It's the best of times; it's the worst of times . . .

That's what fall is like for librarians. Students flock to the libraries, and that makes it good. Unfortunately, as fall steadily moves toward winter, the students flocking to the libraries are becoming increasingly panicked as they realize their instructors might be just as tech-savvy as they are. Or they discover that Wikipedia might not know everything, can't necessarily be trusted, or is a forbidden source for their term papers.

And every single student in a state of high panic is sent in my direction. Apparently, I'm the only one at the downtown Denver Public Library with the patience to deal with them. Or my coworkers don't like me . . . which I know is patently false.

Well, the bit about patience is probably valid. But it also has to do with the fact that I can manage to talk to them in a way that seems to drain their panic rather than exacerbate it. It helps to be able to sense qi. Today, a freshman from the University of Colorado comes in with a notebook, a couple of pens, and fear written large across his face. Julia, the lucky person at the main desk this morning, sees exactly what I see, and before he can stammer out a sentence, she points him in my direction. He looks like a deer caught in the headlights when he walks up to the map cases where I'm filing away some new — through rather old — maps the library has received acquired.

"History . . . Cripple Creek . . . no internet!!"

I lead him over to the catalog terminals. "Okay, I'm going to go out on a limb here and say you're taking Doctor McGilpin's History of Colorado Mining Towns class at CU. That the paper is due in less than forty-eight hours. And he told you today that you weren't allowed to use anything on the internet as a source."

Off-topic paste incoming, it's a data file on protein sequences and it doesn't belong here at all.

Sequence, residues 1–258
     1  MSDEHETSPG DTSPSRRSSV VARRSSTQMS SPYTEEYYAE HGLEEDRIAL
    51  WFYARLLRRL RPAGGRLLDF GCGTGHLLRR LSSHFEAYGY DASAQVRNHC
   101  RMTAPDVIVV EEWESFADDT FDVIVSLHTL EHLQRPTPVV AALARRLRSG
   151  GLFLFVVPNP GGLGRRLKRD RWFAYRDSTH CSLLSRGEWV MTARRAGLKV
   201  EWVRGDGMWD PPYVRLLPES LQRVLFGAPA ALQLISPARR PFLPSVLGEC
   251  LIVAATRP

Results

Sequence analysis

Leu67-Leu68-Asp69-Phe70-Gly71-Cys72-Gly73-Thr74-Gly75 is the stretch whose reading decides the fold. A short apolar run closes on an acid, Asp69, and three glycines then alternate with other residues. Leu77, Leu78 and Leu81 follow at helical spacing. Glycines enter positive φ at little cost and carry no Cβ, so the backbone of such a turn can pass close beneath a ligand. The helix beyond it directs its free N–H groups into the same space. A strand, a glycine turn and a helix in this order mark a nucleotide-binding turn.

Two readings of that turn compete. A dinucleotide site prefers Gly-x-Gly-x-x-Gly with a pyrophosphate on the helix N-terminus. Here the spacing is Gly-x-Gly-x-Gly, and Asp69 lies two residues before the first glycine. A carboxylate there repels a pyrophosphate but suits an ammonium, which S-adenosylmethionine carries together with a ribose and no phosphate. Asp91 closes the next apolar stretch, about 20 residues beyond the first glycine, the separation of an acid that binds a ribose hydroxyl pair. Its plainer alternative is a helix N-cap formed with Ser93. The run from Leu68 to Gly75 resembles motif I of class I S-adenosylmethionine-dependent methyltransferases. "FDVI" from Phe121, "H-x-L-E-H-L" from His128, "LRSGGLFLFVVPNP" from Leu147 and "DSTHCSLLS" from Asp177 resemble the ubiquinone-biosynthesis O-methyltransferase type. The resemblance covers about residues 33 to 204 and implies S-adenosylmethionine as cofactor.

He blinks, then stares. "Are you a psychic?"

I laugh. They all say that. I don't know why, but it never gets old. Of course, Doctor McGilpin probably thinks his little joke never gets old.

"Nope, it's just that I've been working here for five years, and this is a little truck he plays with his students every semester. Whenever a panic-stricken college-age person walks through the door and says the magic words 'history' and 'no internet,' I know it's McGilpin again. This semester, it's the history of mining tows. In the spring, it'll be Denver history. By the way, now that you're wise to his devilish ways, I highly recommend that class, especially if you're a History major."

He nods, looking slightly more relaxed, although his eyes are still a bit glassy. "History major, yes. But . . . but . . . Wednesday! Due Friday! "

I pat his arm. "No problem. History majors understand this kind of research, right? And Cripple Creek is one of the easier ones. Come on, let's get you started."

Though the catalog search engine is less forgiving than Google, he quickly grasps the most efficient ways to extract the information he wants and, within five minutes, has a list of a dozen books to check. I grab one of the handy maps of the library and circle the areas on the stacks where he'll find the books. He wanders off looking not only relaxed but enthusiastic.

"I don't know how you do that," Julia says as she walks up behind me and watches the young man heading for the stacks in search of history.

I shrug. "I guess it's just a matter of figuring out what's got them so scared and then working to eliminate the fear. He's one of McGilpin's and a History major, to boot, so he was easy."

"Ugh, McGilpin! That man is the Devil!"

I grin at her. "No, no . . . he just wants to make sure you and I keep our jobs. He wants his students to know what a library is. Look at it that way, and you'll gain a different perspective."